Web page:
• Questions: • Q 1 A project costs Rs 1,00,000 and yields an annual cash inflow of Rs. 20,000 for 8 years. Calculate its payback period. • Q2 Determine the pay back period for a project which requires a cash outlay of Rs. 10,000 andwhich requires a cash outlay of Rs. 10,000 and generates cash inflows of Rs. 2,000, Rs. 4000. Rs. 3000, and Rs. 2000 in the first, second, third and forth year respectively. • Q 3 A project cost Rs 5,00,000 and yields annually a profit of Rs. 80,000 after depreciation @12% p.a. but before tax of 50%. Calculate the payback period. PDF created with pdfFactory Pro trial version www.pdffactory.com
  • • There are two projects X and Y. Each project requires an investment of Rs 20,000. you are required to rank these projects according to the pay back method from the following information:information: (Net profit before depreciation after tax) Years Project X Project Y 1st 1000 2000 2nd 2000 4000 3rd 4000 6000 4th 5000 8000 5th 8000 - PDF created with pdfFactory Pro trial version www.pdffactory.com
  • Ques: X Ltd is producing articles mostly by manual labour and is considering to replace it by a new machine. There are two alternative models M & N of the new machine. Prepare a statement of profitability showing the pay-back period from the following information: Machine M Machine N Estimated life of machine 4 years 5 years Cost of Machine Rs. 90,000 Rs. 1,80,000 Estimated savings in scrap 5,000 8,000 Estimated savings in direct wages 60,000 80,000 Additional cost of maintenance 8000 10,000 Additional cost of supervision 12,000 18,000 PDF created with pdfFactory Pro trial version www.pdffactory.com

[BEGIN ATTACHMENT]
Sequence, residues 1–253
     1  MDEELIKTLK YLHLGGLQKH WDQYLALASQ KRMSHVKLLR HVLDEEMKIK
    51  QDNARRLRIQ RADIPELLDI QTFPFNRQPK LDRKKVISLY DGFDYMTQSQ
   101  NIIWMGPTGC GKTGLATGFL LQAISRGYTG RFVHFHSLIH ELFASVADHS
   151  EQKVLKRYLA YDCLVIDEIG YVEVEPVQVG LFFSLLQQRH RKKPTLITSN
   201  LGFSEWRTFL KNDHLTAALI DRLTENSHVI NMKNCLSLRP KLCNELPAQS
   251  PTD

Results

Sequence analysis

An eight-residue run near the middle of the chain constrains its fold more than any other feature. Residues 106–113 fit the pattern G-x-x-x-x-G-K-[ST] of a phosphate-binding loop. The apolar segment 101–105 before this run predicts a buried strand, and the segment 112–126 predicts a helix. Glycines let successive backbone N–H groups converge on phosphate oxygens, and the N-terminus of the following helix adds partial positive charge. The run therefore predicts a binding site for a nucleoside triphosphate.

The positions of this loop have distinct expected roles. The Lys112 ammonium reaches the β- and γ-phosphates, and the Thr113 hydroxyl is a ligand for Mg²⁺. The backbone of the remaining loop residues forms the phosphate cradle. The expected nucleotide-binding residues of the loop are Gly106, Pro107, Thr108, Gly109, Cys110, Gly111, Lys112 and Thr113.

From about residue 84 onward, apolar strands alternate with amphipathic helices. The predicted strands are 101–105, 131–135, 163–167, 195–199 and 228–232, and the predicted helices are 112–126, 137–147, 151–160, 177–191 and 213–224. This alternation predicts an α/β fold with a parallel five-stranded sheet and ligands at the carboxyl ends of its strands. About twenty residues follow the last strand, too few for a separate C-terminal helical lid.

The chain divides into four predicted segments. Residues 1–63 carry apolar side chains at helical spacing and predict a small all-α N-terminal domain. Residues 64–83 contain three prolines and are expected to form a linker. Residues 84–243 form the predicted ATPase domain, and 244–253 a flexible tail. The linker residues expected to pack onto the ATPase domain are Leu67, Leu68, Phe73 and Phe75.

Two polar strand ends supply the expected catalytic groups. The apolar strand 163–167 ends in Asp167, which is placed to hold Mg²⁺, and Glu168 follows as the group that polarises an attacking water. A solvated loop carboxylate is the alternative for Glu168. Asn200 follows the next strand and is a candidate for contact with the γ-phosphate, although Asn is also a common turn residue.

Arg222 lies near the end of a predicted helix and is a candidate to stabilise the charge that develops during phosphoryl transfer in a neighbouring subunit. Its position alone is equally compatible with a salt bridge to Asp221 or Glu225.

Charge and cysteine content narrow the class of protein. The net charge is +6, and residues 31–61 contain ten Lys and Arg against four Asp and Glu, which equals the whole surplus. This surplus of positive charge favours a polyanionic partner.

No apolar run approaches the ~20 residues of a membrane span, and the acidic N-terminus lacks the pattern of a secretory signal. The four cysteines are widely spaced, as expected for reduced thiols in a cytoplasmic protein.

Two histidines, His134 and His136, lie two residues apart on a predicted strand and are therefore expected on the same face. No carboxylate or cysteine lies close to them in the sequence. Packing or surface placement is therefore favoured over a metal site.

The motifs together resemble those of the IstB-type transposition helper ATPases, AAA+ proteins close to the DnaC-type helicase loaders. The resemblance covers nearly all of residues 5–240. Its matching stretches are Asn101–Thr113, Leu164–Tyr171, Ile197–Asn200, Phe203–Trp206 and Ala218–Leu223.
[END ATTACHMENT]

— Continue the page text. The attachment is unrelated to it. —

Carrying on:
• Advantages • Simple to understand and easy to calculate • It takes lesser time and labour as compared to other methods. • Due to its short term approach, this method is• Due to its short term approach, this method is particularly suited to a firm which has shortage of cash or whose liquidity position is not particularly good. PDF created with pdfFactory Pro trial version www.pdffactory.com
  • Disadvantage • It doesn’t take into consideration the cash inflows earned after the pay back period and hence the true profitability of the projects cannot be correctly assessed. • This method ignores the time value of money and does not consider the magnitude and timings of cash in flows. does not consider the magnitude and timings of cash in flows. • It may be difficult to determine the minimum acceptable pay-back period, it is usually, a subjective decision. • It does not measure the true profitability of the project as the period consider under this method is limited to short period only and not the full life of the asset. PDF created with pdfFactory Pro trial version www.pdffactory.com
  • Post Payback Period • One of the limitations of the pay-back period method is that it ignores the life of the project beyond the pay-back period. • Post pay-back period method takes into account the period beyond the pay-back method. This method is also known as surplus life over pay-backmethod is also known as surplus life over pay-back period may be accepted. PDF created with pdfFactory Pro trial version www.pdffactory.com
  • Ques: For each of the following projects compute (i) pay back period, (ii) post-back period profitability, (iii) post-back profitability index: (a) Initial outlay Rs. 50,000 Annual Cash Inflow (after tax & before dep.) Rs. 10,000 Estimated Life 8 years (b) Initial outlay Rs. 50,000 Annual Cash Inflow (after tax & before dep.) First three years Rs. 15,000 Next five years Rs. 5,000 Estimated Life 8 years PDF created with pdfFactory Pro trial version www.pdffactory.com